i blog at carado.moe.
the counterfactuals might be defined wrong but they won't be "under-defined". but yes, they might locate the blob somewhere we don't intend to (or insert the counterfactual question in a way we don't intend to); i've been thinking a bunch about ways this could fail and how to overcome them (1, 2, 3).
on the other hand, if you're talking about the blob-locating math pointing to the right thing but the AI not making accurate guesses early enough as to what the counterfactuals would look like, i do think getting only eventual alignment is one of the potential problems, but i'm hopeful it gets there eventually, and maybe there are ways to check that it'll make good enough guesses even before we let it loose.
(cross-posted as a top-level post on my blog)
QACI and plausibly PreDCA rely on a true name of phenomena in the real world using solomonoff induction, and thus talk about locating them in a theoretical giant computation of the universe, from the beginning. it's reasonable to be concerned that there isn't enough compute for an aligned AI to actually do this. however, i have two responses:
sounds maybe kinda like a utopia design i've previously come up with, where you get your private computational garden and all interactions are voluntary.
that said some values need to come interfere into people's gardens: you can't create arbitrarily suffering moral patients, you might have to in some way be stopped from partaking in some molochianisms, etc.
i don't think determinism is incompatible with making decisions, just like nondeterminism doesn't mean my decisions are "up to randomness"; from my perspective, i can either choose to do action A or action B, and from my perspective i actually get to steer the world towards what those action lead to.
put another way, i'm a compatibilist; i implement embedded agency.
put another way, yes i LARP, and this is a world that gets steered towards the values of agents who LARP, so yay.
what i mean here is "with regards to how much moral-patienthood we attribute to things in it (eg for if they're suffering), rather than secondary stuff we might care about like how much diversity we gain from those worlds".
(this answer is cross-posted on my blog)
here is a list of problems which i seek to either resolve or get around, in order to implement my formal alignment plans, especially QACI:
i would love a world-saving-plan that isn't "a clever scheme" with "many moving parts" but alas i don't expect it's what we get. as clever schemes with many moving parts go, this one seems not particularly complex compared to other things i've heard of.
Only a single training example needed through use of hypotheticals.
(to be clear, the question and answer serve less as "training data" meant to represent the user, but as "IDs" or "coordinates" menat to locate the user in past-lightcone.)
We need good inner alignment. (And with this, we also need to understand hypotheticals).
this is true, though i think we might not need a super complex framework for hypotheticals. i have some simple math ideas that i explore a bit here, and about which i might write a bunch more.
for failure modes like the user getting hit by a truck or spilling coffee, we can do things such as at each step asking not 1 cindy the question, but asking 1000 cindy's 1000 slight variations on the question, and then maybe have some kind of convolutional network to curate their answers (such as ignoring garbled or missing output) and pass them to the next step, without ever relying on a small number of cindy's except at the very start of this process.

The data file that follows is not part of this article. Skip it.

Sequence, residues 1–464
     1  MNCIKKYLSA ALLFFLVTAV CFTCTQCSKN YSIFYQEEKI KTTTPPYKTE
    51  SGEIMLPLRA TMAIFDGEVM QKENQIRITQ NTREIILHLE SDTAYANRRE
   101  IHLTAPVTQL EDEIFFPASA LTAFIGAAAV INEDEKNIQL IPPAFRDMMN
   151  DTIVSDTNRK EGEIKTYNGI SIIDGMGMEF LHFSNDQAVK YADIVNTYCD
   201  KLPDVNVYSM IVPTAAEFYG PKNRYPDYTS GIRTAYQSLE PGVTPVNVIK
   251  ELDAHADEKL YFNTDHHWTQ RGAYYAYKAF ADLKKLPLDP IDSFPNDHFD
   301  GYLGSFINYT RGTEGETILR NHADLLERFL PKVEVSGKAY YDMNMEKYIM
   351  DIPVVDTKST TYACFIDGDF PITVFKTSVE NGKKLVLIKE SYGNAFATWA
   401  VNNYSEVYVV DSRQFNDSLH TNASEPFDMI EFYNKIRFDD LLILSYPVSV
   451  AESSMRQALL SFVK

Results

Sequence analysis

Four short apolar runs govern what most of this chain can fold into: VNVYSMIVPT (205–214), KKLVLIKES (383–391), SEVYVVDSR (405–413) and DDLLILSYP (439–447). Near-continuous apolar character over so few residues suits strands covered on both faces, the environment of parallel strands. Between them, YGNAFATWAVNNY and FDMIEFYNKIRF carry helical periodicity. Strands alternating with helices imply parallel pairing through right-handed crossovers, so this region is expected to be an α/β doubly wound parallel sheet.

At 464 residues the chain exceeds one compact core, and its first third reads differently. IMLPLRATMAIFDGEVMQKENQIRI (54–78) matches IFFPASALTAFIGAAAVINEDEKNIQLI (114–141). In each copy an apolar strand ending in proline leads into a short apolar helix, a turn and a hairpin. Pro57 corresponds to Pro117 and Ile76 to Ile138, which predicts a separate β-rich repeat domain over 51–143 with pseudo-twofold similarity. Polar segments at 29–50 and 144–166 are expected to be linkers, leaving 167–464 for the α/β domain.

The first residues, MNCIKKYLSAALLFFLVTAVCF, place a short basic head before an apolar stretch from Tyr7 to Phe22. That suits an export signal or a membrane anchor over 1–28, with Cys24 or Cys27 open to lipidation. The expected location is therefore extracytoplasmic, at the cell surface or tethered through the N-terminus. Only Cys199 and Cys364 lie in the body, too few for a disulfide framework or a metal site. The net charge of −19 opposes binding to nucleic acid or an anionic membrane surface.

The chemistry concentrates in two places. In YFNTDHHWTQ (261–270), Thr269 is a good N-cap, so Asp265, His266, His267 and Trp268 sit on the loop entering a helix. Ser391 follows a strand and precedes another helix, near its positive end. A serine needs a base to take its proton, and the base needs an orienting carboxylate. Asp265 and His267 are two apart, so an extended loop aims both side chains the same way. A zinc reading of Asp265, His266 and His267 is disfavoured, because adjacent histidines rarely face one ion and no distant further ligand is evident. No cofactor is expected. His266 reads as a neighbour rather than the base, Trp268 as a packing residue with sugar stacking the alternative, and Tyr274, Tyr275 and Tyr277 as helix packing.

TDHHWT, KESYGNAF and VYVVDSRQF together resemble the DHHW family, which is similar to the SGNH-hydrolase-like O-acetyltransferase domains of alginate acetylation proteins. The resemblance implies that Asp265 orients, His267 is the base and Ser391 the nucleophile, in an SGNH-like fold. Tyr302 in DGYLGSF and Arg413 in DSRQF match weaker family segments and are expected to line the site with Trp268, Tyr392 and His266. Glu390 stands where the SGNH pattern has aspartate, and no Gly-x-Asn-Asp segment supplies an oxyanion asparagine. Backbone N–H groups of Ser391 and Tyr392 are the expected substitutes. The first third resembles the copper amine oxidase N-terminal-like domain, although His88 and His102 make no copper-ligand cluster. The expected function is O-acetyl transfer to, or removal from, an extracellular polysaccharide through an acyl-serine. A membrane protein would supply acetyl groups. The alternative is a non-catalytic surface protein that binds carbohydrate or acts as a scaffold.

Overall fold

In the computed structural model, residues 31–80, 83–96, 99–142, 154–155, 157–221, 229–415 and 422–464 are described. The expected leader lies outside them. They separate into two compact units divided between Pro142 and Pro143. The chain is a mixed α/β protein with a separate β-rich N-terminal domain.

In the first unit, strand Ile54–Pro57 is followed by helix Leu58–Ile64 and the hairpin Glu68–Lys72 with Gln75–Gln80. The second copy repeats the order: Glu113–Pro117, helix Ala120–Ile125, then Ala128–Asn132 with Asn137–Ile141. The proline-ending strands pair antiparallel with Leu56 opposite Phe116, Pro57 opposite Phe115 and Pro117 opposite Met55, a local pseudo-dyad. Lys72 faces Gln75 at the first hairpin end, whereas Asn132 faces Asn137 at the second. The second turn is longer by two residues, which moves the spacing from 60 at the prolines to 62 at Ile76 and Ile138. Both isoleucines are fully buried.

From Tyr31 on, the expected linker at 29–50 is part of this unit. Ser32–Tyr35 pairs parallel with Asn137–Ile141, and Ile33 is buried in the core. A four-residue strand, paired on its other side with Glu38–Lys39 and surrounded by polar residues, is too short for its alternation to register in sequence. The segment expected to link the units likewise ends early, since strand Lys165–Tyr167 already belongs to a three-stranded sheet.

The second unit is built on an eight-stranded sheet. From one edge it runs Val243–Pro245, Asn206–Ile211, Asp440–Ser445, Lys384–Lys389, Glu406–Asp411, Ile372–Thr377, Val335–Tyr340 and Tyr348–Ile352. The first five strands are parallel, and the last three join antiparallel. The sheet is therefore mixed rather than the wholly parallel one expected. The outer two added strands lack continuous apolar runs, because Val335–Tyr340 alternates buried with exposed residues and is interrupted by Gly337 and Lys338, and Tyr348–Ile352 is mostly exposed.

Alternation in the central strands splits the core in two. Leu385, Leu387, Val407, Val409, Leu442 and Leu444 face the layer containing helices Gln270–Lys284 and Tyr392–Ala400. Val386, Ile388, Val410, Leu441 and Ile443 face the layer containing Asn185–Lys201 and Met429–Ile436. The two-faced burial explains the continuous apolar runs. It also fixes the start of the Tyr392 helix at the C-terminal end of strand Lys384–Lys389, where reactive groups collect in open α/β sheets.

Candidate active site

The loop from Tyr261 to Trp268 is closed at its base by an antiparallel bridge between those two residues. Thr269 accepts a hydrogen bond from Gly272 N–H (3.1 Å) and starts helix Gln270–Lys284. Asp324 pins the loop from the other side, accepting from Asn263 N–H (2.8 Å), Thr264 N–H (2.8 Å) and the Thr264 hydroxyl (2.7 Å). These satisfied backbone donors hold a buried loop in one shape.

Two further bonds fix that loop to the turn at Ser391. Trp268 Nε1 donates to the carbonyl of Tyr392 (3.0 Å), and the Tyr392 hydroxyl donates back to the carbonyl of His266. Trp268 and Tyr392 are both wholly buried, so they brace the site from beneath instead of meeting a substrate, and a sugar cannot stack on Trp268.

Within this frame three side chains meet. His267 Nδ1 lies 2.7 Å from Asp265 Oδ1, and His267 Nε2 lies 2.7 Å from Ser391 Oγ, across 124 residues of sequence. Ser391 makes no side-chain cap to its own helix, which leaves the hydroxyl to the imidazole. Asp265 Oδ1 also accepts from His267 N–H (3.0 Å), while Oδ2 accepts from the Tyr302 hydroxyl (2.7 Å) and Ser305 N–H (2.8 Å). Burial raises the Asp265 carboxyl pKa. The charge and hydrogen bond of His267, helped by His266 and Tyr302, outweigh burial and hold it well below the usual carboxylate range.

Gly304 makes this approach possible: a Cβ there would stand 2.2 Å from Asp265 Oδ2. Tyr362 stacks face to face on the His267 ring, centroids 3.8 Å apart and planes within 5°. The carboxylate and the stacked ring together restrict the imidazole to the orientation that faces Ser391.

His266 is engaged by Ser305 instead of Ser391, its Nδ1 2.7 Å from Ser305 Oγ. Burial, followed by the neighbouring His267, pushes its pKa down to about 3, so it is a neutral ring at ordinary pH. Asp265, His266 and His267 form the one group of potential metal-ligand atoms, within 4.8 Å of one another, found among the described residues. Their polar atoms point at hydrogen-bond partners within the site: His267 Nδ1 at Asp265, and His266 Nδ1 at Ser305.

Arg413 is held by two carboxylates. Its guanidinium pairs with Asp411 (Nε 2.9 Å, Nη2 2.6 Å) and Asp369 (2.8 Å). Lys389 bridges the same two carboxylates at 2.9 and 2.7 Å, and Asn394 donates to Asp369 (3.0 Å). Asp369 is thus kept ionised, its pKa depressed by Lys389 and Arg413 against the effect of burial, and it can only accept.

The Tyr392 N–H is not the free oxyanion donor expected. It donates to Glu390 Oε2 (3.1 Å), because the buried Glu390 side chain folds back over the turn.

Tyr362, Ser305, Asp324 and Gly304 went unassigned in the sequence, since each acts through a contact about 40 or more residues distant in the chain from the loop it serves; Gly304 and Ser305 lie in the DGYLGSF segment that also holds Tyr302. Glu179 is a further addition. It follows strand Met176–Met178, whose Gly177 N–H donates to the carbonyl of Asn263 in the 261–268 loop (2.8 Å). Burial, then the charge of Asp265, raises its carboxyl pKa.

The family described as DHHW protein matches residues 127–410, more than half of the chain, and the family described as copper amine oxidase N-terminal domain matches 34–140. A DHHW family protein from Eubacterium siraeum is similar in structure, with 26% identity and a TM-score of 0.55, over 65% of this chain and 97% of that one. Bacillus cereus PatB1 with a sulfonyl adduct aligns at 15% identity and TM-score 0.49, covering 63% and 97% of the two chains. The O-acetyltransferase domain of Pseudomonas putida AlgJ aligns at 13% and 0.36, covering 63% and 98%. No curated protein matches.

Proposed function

it is true that weird memes could take over the graph of cindy's; i don't have an answer to that apart that it seems sufficiently not likely to me that i still think this plan has promise.
Chaos theory. Someone else develops a paperclip maximizer many iterations in, and the paperclip maximizer realizes it's in a simulation, hacks into the answer channel and returns "make as many paperclips as possible" to the AI.
hmm. that's possible. i guess i have to hope this never happens on the question-interval, on any simulation day. alternatively, maybe the mutually-checking graph of a 1000 cindy's can help with this? (but probly not; clippy can just hack the cindy's).
So all the virtual humans get saved on disk, and then can live in the utopia. Hey, we need loads of people to fill up the dyson sphere anyway.
yup. or, if the QACI user is me, i'm probly also just fine with those local deaths; not a big deal compared to an increased chance of saving the world. alternatively, instead of being saved on disk, they can also just be recomputed later since the whole process is deterministic.
I am not confident that your "make it complicated and personal data" approach at the root really stops all the aliens doing weird acausal stuff.
yup, i'm not confident either. i think there could be other schemes, possibly involving cryptography in some ways, to entangle the answer with a unique randomly generated signature key or something like that.
i've made some work towards building that machinery (see eg here) but yes still there are still a bunch of things to be figured out, though i'm making progress in that direction (see the posts about blob location).
are you saying this in the prescriptive sense, i.e. we should want that property? i think if implemented correctly, accuracy is all we would really need right? carrying human intent in those parts of the reasoning seems difficult and wonky and plausibly not necessary to me, where straightforward utility maximization should work.